In a study for the State Department, the Institute of Communications Research recommended the liberal use of film, stating: Films are especially suitable for unsophisticated audiences…it makes no difference what we have to show them. You will find this true almost anywhere except perhaps among intellectual groups where they are blasé about it. There is a fascination that films have for people. Even among intellectuals there, they come to be critical…You can do anything you want to them (sic) as long as you don’t drive them away.”
There is a multitude of ironic motifs teased easily out of Hollywood films of the 1950’s, many of which not so different from the recurrent themes of Nazi cinema. An internalization of self-censorship as a result of the McCarthy show trials in the 1950’s sent Hollywood film dollars to politically safe westerns, all-encompassing of subtle allusions to a slimy, collectivist red menace.
Hollywood had mustered so much clout, that the industry could dictate the movies of other countries. In Germany, for instance, Hollywood blocked the subsidizing of the German film industry after the war, a once formidable competitor. Due to widespread devastation in Europe and much of the world after the Second World War, Hollywood had secured a dominant position as the bedrock of the global consciousness industry. In fact, the dominance of the Hollywood cartel was so widespread, that it wholly negated the undertakings of a free market in terms of cinema.
The influence of American culture in Europe after the Second World War was enormous—some have referred to it as the new Monroe Doctrine; that is, the Marilyn Monroe Doctrine. The postwar period was a period of huge opportunities for victors, allowing the U.S. to build upon the old European dream of U.S. democracy as a way of life that secured a high standard of living for the masses, and also had the financial means to organize a comprehensive cultural program that embraced all facets of life. One such cultural program, implemented by the U.S., stated as its mission the use of “each material and psychological medium to create respect, even awe in the lifestyle of America, and also to undermine other political philosophies;” and so they did, on up through today. However, representing the power of the consumer, Hollywood did open up its content during the creedal passion period of the 1960’s to reflect the general sentiment of the population at that time, as well as to keep the cash flow coming. Films such as Platoon and Full Metal Jacket portrayed war in a much more critical light than, say, John Wayne films of the 40’s and 50’s.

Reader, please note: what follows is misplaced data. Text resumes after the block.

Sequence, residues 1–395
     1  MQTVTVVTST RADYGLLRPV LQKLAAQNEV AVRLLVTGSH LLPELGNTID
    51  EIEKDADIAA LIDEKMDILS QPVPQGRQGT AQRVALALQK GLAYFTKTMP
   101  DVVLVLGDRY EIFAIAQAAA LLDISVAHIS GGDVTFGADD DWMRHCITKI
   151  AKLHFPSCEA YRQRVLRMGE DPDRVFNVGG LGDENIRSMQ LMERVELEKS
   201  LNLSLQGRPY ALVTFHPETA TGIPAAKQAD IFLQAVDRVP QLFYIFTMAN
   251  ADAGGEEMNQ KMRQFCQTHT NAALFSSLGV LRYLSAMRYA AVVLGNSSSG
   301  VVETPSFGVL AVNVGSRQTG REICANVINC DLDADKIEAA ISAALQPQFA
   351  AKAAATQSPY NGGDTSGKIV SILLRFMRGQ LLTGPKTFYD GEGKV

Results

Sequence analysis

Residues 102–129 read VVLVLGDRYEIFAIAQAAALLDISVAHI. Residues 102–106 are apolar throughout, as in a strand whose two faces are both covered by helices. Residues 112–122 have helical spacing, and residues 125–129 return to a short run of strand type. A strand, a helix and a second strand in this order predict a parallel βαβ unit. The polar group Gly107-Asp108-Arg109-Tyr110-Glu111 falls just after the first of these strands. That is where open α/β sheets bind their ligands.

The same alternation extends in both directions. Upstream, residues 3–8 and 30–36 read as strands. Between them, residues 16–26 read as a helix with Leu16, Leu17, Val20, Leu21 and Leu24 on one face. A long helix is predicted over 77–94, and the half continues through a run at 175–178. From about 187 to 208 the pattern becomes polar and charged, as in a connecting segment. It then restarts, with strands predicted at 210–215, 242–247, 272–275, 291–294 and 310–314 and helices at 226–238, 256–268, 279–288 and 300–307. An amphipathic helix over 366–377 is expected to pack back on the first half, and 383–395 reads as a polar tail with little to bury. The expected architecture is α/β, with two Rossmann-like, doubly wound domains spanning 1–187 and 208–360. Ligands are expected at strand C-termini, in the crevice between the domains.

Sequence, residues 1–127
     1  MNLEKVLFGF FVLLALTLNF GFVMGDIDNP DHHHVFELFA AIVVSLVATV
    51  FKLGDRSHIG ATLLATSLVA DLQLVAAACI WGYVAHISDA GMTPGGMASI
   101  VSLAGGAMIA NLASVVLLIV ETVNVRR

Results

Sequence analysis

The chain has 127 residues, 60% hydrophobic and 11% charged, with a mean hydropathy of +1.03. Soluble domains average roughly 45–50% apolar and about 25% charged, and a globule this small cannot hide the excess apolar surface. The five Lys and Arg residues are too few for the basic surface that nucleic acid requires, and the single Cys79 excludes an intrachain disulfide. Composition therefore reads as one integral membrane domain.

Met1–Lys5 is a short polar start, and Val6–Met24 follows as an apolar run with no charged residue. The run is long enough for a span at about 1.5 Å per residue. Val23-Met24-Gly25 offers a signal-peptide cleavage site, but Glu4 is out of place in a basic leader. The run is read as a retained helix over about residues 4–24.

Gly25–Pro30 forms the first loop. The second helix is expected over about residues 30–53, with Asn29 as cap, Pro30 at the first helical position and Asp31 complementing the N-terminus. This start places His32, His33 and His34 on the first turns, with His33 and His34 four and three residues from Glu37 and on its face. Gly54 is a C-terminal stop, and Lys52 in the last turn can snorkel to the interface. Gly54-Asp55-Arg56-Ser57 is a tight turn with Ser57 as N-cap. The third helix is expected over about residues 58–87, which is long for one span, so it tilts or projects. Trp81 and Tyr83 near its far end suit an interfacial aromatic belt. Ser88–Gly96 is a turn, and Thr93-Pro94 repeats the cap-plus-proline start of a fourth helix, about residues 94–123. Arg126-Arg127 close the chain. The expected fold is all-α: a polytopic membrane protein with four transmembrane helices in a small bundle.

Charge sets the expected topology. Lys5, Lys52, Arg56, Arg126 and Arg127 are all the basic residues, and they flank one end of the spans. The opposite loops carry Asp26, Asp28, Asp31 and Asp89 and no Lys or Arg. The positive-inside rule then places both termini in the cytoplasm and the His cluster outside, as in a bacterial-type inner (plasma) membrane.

These days, the Army, Navy, Air Force, Marines, Coast Guard, and Department of Defense occupy entire floors of Los Angeles office buildings so as to ensure films fulfill the agenda of those institutions. In exchange for high-tech, tax payer funded, otherwise unavailable gear, Hollywood allows the military to censor scripts to suit their needs.5
Southern California’s reign as the epicenter of American culture might very well be over. The state of California is shambles, and one of the country’s most populous regions—approximately 24 million people call the agglomeration home—is also one of the most fragmented and therefore compromised, for its ability to act in a unified, cohesive manner, should it need to, is severely limited. The problems facing southern California are multi-faceted, especially when multiplied over all major facets of life—economic, social, cultural and environmental. The five-county region that makes up southern California ought to be watched closely over the next decade, as it very well might serve as an example of what industrial collapse is. That is what this series is about, but first: Hollywood.
Fittingly, art is imitating reality. A new wave of Hollywood disaster flicks coming this fall reflects the actual position of Hollywood, if not the world. Unlike disaster flicks of the Atomic-Age and Watergate which dealt with the fall of civilization, the new flicks deal with the struggles of post-apocalypse existence. The wave of post-apocalyptic manuscripts is aimed at cinemas and TV screens, where battles with cannibals, the acquisition of survival techniques, and the struggle to keep one’s humanity will be portrayed in stunning detail.